Feature: "Floating" Albanians need concrete assistance
BITI E ULËT, Kosovo (UNHCR) - Roses and apple trees are blooming once again in a Balkan village that time forgot. Neat vegetable gardens have started yielding healthy peppers, tomatoes and cucumbers. The Albanian half of Biti e Ulët in Strpce, a municipality in the south-east of Kosovo, is no longer a ghost town. The Albanian villagers who left en masse four years ago have been back for some time now to live together again with their Serb neighbours.
It sounds like a fairy tale. And, indeed, this village would make for a good postcard of countryside idyll with all its spring-green meadows and gurgling brooks, except that if you look closer you will see that in the Albanian half of the village, most of the houses are charred beyond repair. The Albanian villagers who have come back home starting last May are currently living in inhuman conditions, trying their best to salvage what remains of their old houses with recycled materials like plastic sheets and wood scraps. They took a great risk in coming back, and did it without asking any help from the international community. With their own hands, they cleared the place even before it could be checked for landmines.
"This return is the only successful return of minority Albanians to a Serb majority area in Kosovo thus far," says UNHCR protection officer Marie Whalen.
In September 1998, the Albanians of Biti e Ulët came home from work to find their houses razed to the ground, allegedly by Serb forces. All 60 Albanian families, or 370 people, were displaced and ended up moving between the houses of relatives and friends, mostly in the nearby town of Ferizaj.
On May 8 this year, 26 families came back. The number has since grown to 33 families, or 219 people. In the summer, over 100 returnees were staying in the village permanently, but many have since left, including all the children, because of the dismal living conditions.
The returnees' hands have been far from idle all this time. The men, including 92-year-old Liman, now keep themselves busy building a chicken farm for Mercy Corps' donation of 1,600 chickens, on top of tending to their gardens. Between themselves, the Albanian villagers wryly joke that at least their chickens will have accommodation, so things are not really that bad.
"We're just staying here without any perspective because we've run out of options. All we need is a little assistance. A little bit of concrete and bricks would really go a long way. We can reconstruct the houses ourselves," says Milaim, 54, a father of seven school-age children.
Emergency dry-room assistance by the American Refugee Committee (ARC) was possible only for five out of 32 houses in the village, as the rest of the houses are too destroyed and unstable. Many of the Albanians who have since returned are sleeping in hazardous conditions, exposed to the elements in the ruins of houses, without windows and doors, under leaking roofs.
Liman, still spry at 92, says, "I've seen three wars in my life. I was born in 1910 and I was a child during World War I, then I served in the Italian trenches as a soldier of the Yugoslav Army during World War II. But the latest war was the worst. It devastated all our families."
Life was good once upon a time, they all say. Nazmi, 42, who "squats" around in Ferizaj like many others, visits his old village on sunny days. Before the conflict, he had a good job teaching grammar for 22 years in the mixed school in Biti e Ulët. He used to have a big house with a garden and a byre for his 15 cows. These days, Nazmi wears plastic shoes and moves from one house to another every few months or so. So far, he has moved nine times in Ferizaj. Of his old life, only the well of his old house has been rescued through a well-cleaning project by the UN refugee agency.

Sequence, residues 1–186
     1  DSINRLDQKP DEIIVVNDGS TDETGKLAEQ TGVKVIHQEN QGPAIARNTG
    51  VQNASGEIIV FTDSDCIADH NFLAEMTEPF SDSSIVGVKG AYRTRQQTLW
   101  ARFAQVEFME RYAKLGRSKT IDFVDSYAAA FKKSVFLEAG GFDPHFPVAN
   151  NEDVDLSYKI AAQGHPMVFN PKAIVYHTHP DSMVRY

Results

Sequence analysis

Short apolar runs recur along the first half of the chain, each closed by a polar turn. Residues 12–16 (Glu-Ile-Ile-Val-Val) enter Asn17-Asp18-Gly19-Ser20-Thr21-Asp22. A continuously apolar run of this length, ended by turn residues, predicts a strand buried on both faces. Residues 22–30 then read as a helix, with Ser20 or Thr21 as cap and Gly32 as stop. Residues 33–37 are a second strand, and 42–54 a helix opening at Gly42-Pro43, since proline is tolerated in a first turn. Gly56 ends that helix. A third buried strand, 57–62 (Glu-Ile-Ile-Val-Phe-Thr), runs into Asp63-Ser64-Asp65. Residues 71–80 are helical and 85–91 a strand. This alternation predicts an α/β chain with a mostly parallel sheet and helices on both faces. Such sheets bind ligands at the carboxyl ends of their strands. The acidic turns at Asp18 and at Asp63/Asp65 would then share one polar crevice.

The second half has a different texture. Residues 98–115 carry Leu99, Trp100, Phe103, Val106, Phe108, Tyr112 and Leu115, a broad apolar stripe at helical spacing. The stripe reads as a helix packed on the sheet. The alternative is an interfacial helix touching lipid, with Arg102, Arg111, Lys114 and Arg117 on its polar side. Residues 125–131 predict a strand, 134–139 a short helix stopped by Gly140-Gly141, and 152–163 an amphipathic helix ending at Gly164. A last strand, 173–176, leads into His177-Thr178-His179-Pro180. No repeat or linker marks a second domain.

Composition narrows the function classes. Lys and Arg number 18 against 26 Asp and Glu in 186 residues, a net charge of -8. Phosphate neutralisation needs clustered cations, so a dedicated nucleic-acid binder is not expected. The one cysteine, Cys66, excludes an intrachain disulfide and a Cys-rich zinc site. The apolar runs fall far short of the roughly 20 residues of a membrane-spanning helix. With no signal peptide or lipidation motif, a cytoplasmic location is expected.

It is perhaps the good memories that keep these people coming back to Biti e Ulët. In fact, one of the first things they did upon returning was to rescue the rose bushes in the village. They also brought with them seeds from Ferizaj so they could replant their gardens at once.
In the first two months, the Albanian returnees were isolated and depended on assistance from the international community. But now they are free to move around and even get supplies from the Serb shops, where their children have started to learn their first Serb words. One of the returnees has bought a cow from a Serb villager, now the lone and sacred cow in Biti e Ulët, where there used to be so many. With the chicken farm, their plan is primarily to supply the Strpce local market as well as the Hotel at the Ski resort in the municipality, like they did before the conflict.
Bexhet, 67, lives in the empty shell of his old house at the end of the Albanian half of the village. He has managed to revive his vegetable and fruit garden next to a Serb garden. He says he has not had a problem with his Serb neighbour since coming back.
The critical mass is clearly here, not only in numbers, but also in quality - this group is made up of highly capable people who used to be teachers, construction foremen, carpenters, farmers, and so on. On sunny days, more of them come back and clean what remains of their old homes in Biti e Ulët. But with the nights getting too cold, it is getting increasingly impossible for the hardiest of them to stay in the destroyed houses.
The returnees say it will take them no more than a month to build new homes, and they believe they have the necessary skills to do it. If they do not get the reconstruction assistance before winter sets in at the end of November, they may have to leave. Not all will have the same courage to try again next year.
By Doreen Jose